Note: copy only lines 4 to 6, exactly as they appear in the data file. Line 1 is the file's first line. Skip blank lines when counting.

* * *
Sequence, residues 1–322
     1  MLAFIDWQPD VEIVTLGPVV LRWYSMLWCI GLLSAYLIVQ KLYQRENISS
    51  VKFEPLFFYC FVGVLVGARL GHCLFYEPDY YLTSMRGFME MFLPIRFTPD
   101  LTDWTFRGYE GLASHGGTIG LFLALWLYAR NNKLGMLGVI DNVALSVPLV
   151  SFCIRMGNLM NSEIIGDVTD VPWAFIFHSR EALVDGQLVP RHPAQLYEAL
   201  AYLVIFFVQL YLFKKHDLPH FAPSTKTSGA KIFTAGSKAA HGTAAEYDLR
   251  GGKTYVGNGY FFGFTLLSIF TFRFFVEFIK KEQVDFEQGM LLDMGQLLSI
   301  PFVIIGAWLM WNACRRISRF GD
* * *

   101  LTDWTFRGYE GLASHGGTIG LFLALWLYAR NNKLGMLGVI DNVALSVPLV
   151  SFCIRMGNLM NSEIIGDVTD VPWAFIFHSR EALVDGQLVP RHPAQLYEAL
   201  AYLVIFFVQL YLFKKHDLPH FAPSTKTSGA KIFTAGSKAA HGTAAEYDLR